Ari examined each of the restaurant shots. Some of the people present were known to him but many caught in conversation with Thomas were unfamiliar to him and his curiosity was piqued. It took him more than an hour to go through the whole file. Darkness had crept upon him and Ari stretched and levered himself across to the light switch. His movement was stalled by a loud crash of thunder and the first huge drops clunked on the metal roof and slapped on the pavement outside the window. He closed his eyes and listened. The staccato splattering soon became a drumming and then a loud roar as a torrent was turned on. Lightening flashed luridly through the orange curtains, applauded after a short lag by the deep reverberation of echoing peals of thunder. The thunderstorm fled almost as quickly as it came. Switching the light on as the last vestiges of rumblings could be heard, Ari focused on the computer screen. He was irritated that nothing definite was revealed in the images. The problem was, he didn’t know what he was looking for. Was it a person? Was it a location? Or was it some item or event captured incidentally? Perhaps something in the background was significant. He scratched his head mystified.

“How am I going to do this?” he muttered to himself.

            Ari was just moving back to the computer when Ryan came in.

“You still here?” Ryan looked over Ari’s shoulder and then went on, “Penny has made some dinner for us, if you can come...”

“Oh thanks, yeah, I’m not doing any good here.” After removing his data key, and shutting down the computer, Ari followed Ryan out across the driveway to his house next door. The air had a humid, redolent atmosphere with the scented fragrance of freshly scrubbed garden. He breathed in deeply, taking his time to get across to the front door where Ryan was waiting.

 

            Well, he shouldn’t have been surprised, but there was Reece sitting expectantly at the dining table, bold as brass, as if he owned the place. Ari imagined that it wouldn’t be out of place for him to declare; ‘Penny, you may serve dinner now.’ Ryan also registered the situation and imposed his rightful position.

“Reece, make yourself useful and pour out the drinks will you?”

Penny brought out the plates heaped with steaming lasagne, covered with lashings of crispy cheese and accompanied by a side dish of salad. When they were all seated, the pastor said a short grace and suggested they eat heartily.

“What news have you got to share with Reece, Ari?” Penny was looking at him with an even more buoyant gaze than usual, if that were possible.

“Oh, not much... I can’t work out what’s so special about those photos...”

“I think Penny was thinking of something else.” Ryan interposed with an allusion to something other than what was in his mind. Ari knew they had a specific idea. He was furiously trying to think what because he hadn’t shared anything about his visit to his mother’s. Of course... he coloured slightly, “Oh, of course,” he tried to clear his voice from the squeaky croak that had passed his lips.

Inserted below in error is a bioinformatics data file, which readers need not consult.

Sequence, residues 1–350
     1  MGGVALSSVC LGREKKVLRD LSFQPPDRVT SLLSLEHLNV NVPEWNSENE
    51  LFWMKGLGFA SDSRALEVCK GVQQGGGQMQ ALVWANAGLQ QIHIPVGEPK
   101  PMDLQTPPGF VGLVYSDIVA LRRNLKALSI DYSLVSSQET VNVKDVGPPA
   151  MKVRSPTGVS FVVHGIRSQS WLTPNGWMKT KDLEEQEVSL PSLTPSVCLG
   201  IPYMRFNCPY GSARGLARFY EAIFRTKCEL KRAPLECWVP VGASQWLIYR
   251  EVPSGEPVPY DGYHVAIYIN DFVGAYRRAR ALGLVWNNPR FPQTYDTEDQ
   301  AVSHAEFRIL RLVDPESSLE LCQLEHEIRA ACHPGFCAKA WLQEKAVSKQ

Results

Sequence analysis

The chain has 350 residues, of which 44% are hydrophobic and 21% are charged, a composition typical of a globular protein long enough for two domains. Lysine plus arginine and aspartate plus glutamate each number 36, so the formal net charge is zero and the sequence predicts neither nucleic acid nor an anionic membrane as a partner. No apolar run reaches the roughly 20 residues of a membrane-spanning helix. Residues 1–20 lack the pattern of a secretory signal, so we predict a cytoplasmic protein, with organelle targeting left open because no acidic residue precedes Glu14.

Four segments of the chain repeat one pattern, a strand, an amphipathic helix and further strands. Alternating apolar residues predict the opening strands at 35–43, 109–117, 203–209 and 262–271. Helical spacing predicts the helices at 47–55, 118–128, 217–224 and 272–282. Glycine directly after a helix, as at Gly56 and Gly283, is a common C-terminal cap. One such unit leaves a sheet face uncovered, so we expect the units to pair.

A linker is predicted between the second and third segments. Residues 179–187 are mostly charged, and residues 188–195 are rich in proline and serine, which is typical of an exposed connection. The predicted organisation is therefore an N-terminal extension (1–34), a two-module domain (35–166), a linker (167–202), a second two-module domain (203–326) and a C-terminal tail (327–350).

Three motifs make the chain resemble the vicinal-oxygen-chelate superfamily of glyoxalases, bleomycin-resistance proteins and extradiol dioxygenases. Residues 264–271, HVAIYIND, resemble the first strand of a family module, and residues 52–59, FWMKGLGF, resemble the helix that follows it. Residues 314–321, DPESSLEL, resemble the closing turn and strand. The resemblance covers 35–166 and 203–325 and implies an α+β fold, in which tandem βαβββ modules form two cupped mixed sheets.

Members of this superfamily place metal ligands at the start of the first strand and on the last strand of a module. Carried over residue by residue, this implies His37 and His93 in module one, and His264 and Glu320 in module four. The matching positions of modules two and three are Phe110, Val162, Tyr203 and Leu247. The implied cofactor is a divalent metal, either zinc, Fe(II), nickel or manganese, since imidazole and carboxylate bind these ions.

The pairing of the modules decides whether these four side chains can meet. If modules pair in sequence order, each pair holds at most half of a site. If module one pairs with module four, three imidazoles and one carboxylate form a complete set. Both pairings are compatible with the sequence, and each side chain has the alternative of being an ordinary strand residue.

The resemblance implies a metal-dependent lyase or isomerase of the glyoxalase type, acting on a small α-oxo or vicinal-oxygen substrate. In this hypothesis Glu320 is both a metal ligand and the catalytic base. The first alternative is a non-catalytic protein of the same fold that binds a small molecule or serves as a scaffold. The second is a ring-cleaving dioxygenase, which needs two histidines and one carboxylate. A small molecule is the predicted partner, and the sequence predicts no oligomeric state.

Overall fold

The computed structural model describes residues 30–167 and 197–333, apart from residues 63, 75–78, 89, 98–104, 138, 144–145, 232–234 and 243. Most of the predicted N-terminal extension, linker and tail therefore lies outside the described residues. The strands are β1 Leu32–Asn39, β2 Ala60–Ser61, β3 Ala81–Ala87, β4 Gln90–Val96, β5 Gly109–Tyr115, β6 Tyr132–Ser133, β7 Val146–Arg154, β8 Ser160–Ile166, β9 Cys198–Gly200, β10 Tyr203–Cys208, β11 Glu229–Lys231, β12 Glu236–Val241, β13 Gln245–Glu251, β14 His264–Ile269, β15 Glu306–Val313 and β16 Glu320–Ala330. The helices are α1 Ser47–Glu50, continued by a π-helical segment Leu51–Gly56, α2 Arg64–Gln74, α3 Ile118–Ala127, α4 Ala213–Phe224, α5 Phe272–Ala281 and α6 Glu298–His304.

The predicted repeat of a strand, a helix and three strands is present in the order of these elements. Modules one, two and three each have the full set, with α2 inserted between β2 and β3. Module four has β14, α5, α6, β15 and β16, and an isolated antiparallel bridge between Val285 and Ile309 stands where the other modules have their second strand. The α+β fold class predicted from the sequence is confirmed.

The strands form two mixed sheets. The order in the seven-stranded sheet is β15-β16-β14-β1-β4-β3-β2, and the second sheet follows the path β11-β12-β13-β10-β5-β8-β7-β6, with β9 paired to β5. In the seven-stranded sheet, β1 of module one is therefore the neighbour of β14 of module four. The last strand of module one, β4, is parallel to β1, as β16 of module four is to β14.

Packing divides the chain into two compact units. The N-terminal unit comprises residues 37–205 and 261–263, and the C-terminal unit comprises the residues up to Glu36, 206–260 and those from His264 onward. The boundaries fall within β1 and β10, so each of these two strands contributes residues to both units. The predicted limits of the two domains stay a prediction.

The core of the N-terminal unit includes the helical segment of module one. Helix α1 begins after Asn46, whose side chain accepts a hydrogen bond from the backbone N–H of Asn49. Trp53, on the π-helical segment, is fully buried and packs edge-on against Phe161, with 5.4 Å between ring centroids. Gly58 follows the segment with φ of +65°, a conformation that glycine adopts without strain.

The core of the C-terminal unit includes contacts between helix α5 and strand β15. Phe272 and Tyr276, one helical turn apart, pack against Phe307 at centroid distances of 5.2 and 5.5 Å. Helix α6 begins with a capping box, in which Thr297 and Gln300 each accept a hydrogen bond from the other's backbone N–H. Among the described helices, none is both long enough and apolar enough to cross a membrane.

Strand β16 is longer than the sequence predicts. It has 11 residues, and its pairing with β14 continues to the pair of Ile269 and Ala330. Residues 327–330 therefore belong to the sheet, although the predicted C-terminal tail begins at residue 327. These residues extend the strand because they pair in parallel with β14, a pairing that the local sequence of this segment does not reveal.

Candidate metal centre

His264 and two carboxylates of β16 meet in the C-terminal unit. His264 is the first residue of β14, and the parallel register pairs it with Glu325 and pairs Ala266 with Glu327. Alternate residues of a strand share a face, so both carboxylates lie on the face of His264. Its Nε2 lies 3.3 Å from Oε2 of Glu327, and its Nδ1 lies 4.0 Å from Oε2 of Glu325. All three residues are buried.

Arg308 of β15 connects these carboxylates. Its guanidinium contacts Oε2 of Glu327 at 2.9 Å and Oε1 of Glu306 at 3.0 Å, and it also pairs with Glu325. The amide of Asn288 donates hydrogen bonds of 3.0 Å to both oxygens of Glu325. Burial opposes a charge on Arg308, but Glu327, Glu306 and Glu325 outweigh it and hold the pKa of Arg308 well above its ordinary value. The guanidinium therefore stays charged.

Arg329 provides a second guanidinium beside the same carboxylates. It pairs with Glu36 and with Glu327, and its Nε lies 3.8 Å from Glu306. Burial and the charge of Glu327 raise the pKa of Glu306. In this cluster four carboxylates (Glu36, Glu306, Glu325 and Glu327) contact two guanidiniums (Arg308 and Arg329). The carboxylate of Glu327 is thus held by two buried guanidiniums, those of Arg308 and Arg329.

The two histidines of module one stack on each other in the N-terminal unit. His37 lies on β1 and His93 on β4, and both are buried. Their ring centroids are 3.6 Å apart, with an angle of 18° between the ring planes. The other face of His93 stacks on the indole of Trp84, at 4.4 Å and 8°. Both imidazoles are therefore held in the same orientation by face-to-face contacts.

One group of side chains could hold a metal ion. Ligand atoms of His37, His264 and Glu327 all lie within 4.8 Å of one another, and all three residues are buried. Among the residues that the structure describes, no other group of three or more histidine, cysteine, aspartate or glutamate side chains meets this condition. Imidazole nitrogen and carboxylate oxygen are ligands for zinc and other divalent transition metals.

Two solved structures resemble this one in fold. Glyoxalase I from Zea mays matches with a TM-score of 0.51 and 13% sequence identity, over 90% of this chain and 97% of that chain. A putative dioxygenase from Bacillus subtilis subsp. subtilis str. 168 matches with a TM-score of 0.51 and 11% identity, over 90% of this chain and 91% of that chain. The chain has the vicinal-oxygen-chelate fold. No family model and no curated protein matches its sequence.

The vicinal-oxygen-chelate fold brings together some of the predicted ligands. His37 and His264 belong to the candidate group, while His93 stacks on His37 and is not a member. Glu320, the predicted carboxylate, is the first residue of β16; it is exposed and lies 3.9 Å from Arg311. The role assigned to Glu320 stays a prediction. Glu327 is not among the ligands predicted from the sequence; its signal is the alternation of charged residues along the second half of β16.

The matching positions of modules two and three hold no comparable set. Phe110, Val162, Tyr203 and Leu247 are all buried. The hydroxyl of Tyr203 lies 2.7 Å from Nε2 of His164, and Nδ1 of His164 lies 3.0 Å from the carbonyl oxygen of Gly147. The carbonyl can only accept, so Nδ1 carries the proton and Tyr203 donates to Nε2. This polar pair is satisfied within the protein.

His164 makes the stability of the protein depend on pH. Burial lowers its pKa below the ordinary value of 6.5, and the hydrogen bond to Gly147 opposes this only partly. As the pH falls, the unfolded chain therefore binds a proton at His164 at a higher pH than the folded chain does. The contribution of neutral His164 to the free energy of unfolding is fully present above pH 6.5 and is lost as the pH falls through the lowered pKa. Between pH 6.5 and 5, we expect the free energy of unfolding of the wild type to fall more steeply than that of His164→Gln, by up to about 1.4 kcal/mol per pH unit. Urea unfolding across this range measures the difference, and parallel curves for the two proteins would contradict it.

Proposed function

He then shared with Reece his life changing decision of that morning, and went on to say that he still had a lot to learn but that it felt right. It felt right. It was the best description he could give and he was disappointed in his inhibited expression of the sense of relief he knew within himself. Reece made it a bit easier because he identified with Ari’s changed mood. He reflected how his life made more sense now and that he was growing in understanding.

 

            The evening was quite relaxed as they sat around. Ari explained how his near death incident had caused him to weigh up his life. This was like a new start for him. He was even having a symbolic burial. Ryan was reminded by his reference to the funeral that Alan Meadows had contacted them regarding a pick up time in the morning.

“He said he’d be here at nine, to give them plenty of time to set up.”

“Nine? I had better get going then, got a lot to do.” Ari thanked Ryan and Penny once again for their hospitality and worked his way to the door.

“I don’t suppose I’ll see either of you at the funeral?”

Ryan negated the suggestion with a head shake, “Sorry, I told you, I only do real funerals. Besides, I’d be compelled to tell the truth and that might spoil things for you.”

Ari extrapolated the sentence as an inferred judgement on his deceit, but that wasn’t what Ryan had intended. Penny sensed his interpretation.

“Ari, we realise why you’re doing this and I’m sure we can’t understand how you feel... I mean nearly being killed, and seeing the death of others.”

He looked into Penny’s compassionate face, then across to Ryan’s bowed head and clasped hands.

“I’m beginning to regret the idea.” He was going to add that he felt like a coward, but instead just excused himself, “Anyway, better go or I won’t get up in the morning.”

            Reece, who had sat silently during the exchange, rose and also offered his thanks and farewells before leaving with Ari. Once he’d helped him into the bungalow Reece waved with a parting comment.

“I’ll see you tomorrow, er I guess... tomorrow night when everything settles down.” He felt awkward referring to Ari’s funeral as if once it was over ‘life would go on’.